More on Galloways and "local" horses and ponies


"Not only does there exist the diversity of what may be termed natural breeds, but those further differences produced by the greater or less degree of breeding communicated to individuals. Many remain with little or no admixture of the blood of the Race-Horse, and so may be regarded as native breeds or families..." (Low, 1846)

Low mentions first the Shetland (which he calls the Zetland), Orkney, and Hebridean (mainly Mull, Barra, and Islay). He then mentions that:

"The same kind of horses extends to the neighbouring parts of Argyleshire, and, with some change of characters, dependent on the greater elevation and productiveness of the heathy pastures, through all the central and northern Highlands. The prevailing colour is a dull brownish-black. They have abundant hair, stout limbs, and short pasterns. They have good feet, and are sure-footed and hardy in the highest degree. They are well suited for climbing mountains, and manifest great sagacity in making their way through swamps and bogs; but they are lazy and slow, and altogether destitute of the fire and mettle distinctive of the Arabs, the Barbs, and other horses of warmer climates. They are carried in considerable numbers to the low country, where they are valued for their power of subsisting on scanty food, and enduring careless treatment."

He praises the Welsh mountain ponies, though not so much the heavier horses of the lower land; passes rapidly over the Dartmoor - "a race of ponies, of coarse inelegant figures, but hardy, sure-footed, and capable of undergoing extreme drudgery" and Exmoor - "a similar race, but of somewhat smaller size" while the New Forest ponies are "ugly, large-headed, and short necked, but hardy, sure-footed, and capable of bearing careless usage".

"...over all the ancient wastes and forests of England, formerly covering the larger part of the surface of the country, were reared varieties of horses, the size and strength of which bore a relation to the quality and abundance of the natural herbage. Sometimes they were of the pony size, falling short of twelve hands high ; sometimes they reached fourteen hands, and in rarer cases fifteen. They were of coarse form, with short hairy limbs, and were capable of much drudgery, but were destitute of elegance, and unsuited for speed. From this class were derived the older Pack-horses, which were used throughout the country before roads were formed, and which, until late in the last century, were the most numerous class of horses employed for draught or riding. They were good drudges, hardy and sure-footed, but wanted action and lightness for the saddle; while, for the purposes of labour, they were inferior to the larger horses now employed. Numbers of this very ordinary kind of horses are yet to be seen in Cornwall and other hilly parts of England. In the high parts of Devonshire they are still employed in carrying loads. They are numerous likewise in Ireland, and in parts of Scotland; and wherever they exist, exhibit that form which the greater part of the horses of these Islands possessed.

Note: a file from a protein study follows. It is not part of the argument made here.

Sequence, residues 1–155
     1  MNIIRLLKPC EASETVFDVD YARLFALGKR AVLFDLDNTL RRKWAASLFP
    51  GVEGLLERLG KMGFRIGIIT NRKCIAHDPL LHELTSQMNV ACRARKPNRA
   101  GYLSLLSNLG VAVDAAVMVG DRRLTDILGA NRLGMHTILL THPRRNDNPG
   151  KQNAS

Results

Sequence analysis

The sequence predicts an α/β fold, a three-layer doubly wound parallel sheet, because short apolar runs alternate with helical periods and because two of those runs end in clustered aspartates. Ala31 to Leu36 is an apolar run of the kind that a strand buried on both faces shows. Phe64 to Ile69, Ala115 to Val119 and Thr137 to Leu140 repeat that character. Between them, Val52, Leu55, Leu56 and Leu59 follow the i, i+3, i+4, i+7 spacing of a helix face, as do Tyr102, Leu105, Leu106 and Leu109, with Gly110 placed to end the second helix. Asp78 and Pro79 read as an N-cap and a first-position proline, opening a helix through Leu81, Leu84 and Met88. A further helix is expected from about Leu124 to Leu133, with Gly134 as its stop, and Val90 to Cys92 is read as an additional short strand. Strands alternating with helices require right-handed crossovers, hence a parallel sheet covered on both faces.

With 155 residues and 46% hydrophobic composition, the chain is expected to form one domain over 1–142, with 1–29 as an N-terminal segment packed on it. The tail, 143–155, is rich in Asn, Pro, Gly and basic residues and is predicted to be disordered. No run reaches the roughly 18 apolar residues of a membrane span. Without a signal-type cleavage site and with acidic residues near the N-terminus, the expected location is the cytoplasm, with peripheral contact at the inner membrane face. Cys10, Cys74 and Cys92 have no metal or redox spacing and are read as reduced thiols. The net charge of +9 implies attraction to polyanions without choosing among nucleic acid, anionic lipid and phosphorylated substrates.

"A variety of horses, differing from the ordinary pack-horses in their greater lightness and elegance of figure, were termed Galloways. They exceeded the pony size, and were greatly valued for their activity and bottom. They were derived from the countries near the Solway Firth ; and an opinion frequently expressed is, that they had been early improved by horses saved from the wreck of the Armada. There is nothing beyond tradition to support this opinion, and it is known that the Horses of Galloway were distinguished long before the age of the Armada.

"The nature of the country, mountainous, but not heathy and barren, may account for the production of a larger race of ponies, without our resorting to the supposition of foreign descent, just as the same country at the present time produces a peculiar breed of cattle, larger than those of the higher mountains, but smaller than those of the richer plains. Besides, this part of Scotland was a country of forays during the rude border wars of the times, when a more agile race than the ordinary pack-horse was naturally sought for; and all along the borders of the two kingdoms, a class of similar properties existed.

"Many of the true Galloways of the western counties were handsome, and their general characteristic was activity, and the power of enduring fatigue. In former times this breed was in great demand in England, and the people of the country where they were produced, up to a period not very distant, were noted as horse-dealers.

"In England the term Galloway came at length to be applied to horses of a particular size, without reference to their origin, and this application of the word is still in use. The term Pony is applied to Horses of twelve hands or less, the term Galloway, to those of about fourteen hands. The finer kinds of Galloways have long disappeared in the district which formerly produced them, the farmers having cultivated a race of larger size for the purposes of labour." (Low, 1846)

Importantly, Low's description makes it clear that there is a distinction between the Galloway and the Connemara ponies of Galway, Ireland, of which he says that "all their characters are essentially Spanish. They are from twelve to fourteen hands high, generally of the prevailing chestnut colour of the Andalusian horses, delicate in their limbs, and possessed of the form of head characteristic of the Spanish race."

He adds that the ponies of Connemara are "hardy, active, sure-footed in a remarkable degree, and retain the peculiar amble of the Spanish Jennet." Since he notes this peculiarity in the Irish ponies but not the Galloways it is fair to assume that not only did he not consider them the same type, but also that the Galloways and other British horse breeds he knew in the mid 19th century all moved "square".